Exemplary results of the sentiment analysis correlate with historical events. For example, consider FIG. 5 and the popularity of U.S. President George W. Bush—Gallup/USA Today conducts a weekly opinion poll of about 1,000 Americans to determine public approval of their President. FIG. 5 illustrates a positive correlation (coefficient 0.372) between a sentiment index and the approval ratings for President Bush. Deviations coincide with the U.S. invasion of Iraq and the run-up to the 2004 Presidential elections.

In another example depicted in FIG. 6, the revelation of irregular accounting practices at Enron Corporation is tracked—Enron collapsed dramatically from one of the most respected U.S. corporations into bankruptcy over the last quarter of the year 2001. This decline is captured in Enron's sentiment time series, shown in FIG. 6.

In yet another example, the television show American Idol was tracked—the singing champion of the popular American television show American Idol is decided by a poll of the viewing public. It has been reasoned that bloggers' sentiments about contestants should reflect the views of the public at large. FIG. 7 presents a sentiment analysis for the eventual winner (Taylor Hicks) during the May 24, 2006 climax of the tournament. According to the index, bloggers admire him better with every passing week. Come the final round, Hicks generates more positive sentiment than runner-up Katharine McPhee, indicating that it may have been possible to predict the winner.

According to an embodiment of the present disclosure, a sentiment analysis system implements an algorithmic construction of sentiment dictionaries 101 and a sentiment index formulation 102 (see FIG. 1).

Referring to FIG. 2 and the algorithmic construction of sentiment dictionaries 101, the sentiment index relies on tracking reference frequencies to adjectives with positive and negative connotations 201. The method expands small candidate seed lists of positive and negative words into full sentiment lexicons using path-based analysis of synonym and antonym sets 205/206, for example, in WordNet. Sentiment-alternation hop counts are used to determine the polarity strength of the candidate terms and eliminate the ambiguous terms.

Referring to the sentiment index formulation 102—there is considerable subtlety in constructing a statistical index that meaningfully reflects the significance of sentiment term juxtaposition. A method according to an embodiment of the present disclosure uses juxtaposition of sentiment terms and entities and a frequency-weighted interpolation with world happiness levels to score entity sentiment.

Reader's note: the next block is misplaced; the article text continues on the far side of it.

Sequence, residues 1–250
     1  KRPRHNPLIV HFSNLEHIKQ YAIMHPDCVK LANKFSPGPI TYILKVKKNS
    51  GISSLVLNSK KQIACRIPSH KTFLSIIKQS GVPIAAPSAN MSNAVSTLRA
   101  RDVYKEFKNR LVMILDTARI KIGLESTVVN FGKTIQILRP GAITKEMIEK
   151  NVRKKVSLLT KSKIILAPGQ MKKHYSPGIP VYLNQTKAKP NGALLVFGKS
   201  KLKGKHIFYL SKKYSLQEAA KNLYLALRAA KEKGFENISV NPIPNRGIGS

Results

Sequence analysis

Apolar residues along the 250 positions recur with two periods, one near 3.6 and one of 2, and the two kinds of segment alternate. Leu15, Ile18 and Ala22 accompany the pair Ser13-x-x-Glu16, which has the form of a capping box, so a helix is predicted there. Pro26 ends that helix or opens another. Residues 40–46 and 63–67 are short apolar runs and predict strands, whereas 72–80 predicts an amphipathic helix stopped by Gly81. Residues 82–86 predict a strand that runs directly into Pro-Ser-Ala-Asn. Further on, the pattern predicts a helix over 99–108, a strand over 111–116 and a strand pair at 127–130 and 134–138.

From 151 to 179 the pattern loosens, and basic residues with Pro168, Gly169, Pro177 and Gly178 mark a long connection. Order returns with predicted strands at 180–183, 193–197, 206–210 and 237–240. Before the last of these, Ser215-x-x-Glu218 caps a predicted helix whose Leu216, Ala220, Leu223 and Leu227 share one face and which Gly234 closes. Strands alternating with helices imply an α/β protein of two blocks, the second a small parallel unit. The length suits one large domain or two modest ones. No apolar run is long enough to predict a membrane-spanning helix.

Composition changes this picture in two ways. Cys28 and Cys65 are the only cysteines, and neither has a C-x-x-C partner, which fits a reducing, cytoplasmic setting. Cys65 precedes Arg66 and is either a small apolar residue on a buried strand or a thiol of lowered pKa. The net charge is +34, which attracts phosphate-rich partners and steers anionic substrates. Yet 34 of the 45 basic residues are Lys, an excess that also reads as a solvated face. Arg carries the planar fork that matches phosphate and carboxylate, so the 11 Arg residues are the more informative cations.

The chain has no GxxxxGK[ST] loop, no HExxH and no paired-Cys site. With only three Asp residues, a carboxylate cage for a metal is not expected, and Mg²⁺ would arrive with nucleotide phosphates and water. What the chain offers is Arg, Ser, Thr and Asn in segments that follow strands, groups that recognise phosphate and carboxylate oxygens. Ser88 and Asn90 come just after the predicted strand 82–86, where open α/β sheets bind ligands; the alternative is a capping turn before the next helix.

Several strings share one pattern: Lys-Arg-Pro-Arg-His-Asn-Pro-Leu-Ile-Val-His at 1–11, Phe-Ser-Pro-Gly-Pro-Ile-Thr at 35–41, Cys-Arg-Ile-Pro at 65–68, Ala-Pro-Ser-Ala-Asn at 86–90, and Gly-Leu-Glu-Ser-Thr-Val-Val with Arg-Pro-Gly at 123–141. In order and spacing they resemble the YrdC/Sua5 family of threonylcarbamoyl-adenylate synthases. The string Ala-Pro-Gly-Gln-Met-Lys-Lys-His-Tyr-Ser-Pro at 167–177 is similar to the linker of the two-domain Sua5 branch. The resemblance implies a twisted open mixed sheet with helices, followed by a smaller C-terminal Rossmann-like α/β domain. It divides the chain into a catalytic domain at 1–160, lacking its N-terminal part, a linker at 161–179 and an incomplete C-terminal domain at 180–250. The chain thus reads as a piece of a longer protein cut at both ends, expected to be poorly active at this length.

According to an embodiment of the present disclosure, an entity may be a person, place, or thing. For example, an entity may be a document, a group of entities, a relationship between entities, etc. Where the entity being described by the statistical sentiment is a group of entities, a relationship between entities, etc, for clarity, the group or relationship may be described as being of or between component entities.

Referring more particularly to the generation of a sentiment lexicon 101; sentiment analysis depends on the ability to identify the sentimental adjectives in a corpus and their orientation. Separate lexicons may be defined for each of a plurality of sentiment dimensions (e.g., general, health, crime, sports, business, politics, media, facts, opinions). Enlarging the number of sentiment lexicons permits greater focus in analyzing particular phenomena, but potentially at a substantial cost in human curation. To avoid this, the method expands small dimension sets of seed sentiment words into full lexicons.

Note that exemplary embodiments of the present disclosure do not distinguish between opinion and fact as both contribute to public sentiment. However, given the module design of the lexicons, sentiment related to opinion and fact may foe separated.

An exemplary embodiment of lexicon expansion uses path analysis. Expanding seed lists into lexicons by recursively querying for synonyms using a computer dictionary, e.g., WordNet, is limited by the synonym set coherence weakening with distance. For example, FIG. 8 shows four separate ways to get from good to bad using chains of WordNet synonyms.

To counteract such, problems, the sentiment word generation method 101 expands a set of seed words using synonym and antonym queries. The method associates a polarity (positive or negative) to each word 201 and queries both the synonyms and antonyms 202.

Synonyms inherit the polarity from the parent, whereas antonyms get the opposite polarity. The significance of a path decreases as a function of its length or depth from a seed word. The significance of a word W at depth d decreases exponentially as score

( W ) = 1 c d
for some constant c>1. The final score of each word is the summation of the scores received over all paths 205. Paths which alternate between positive and negative terms are likely spurious and may be limited 206.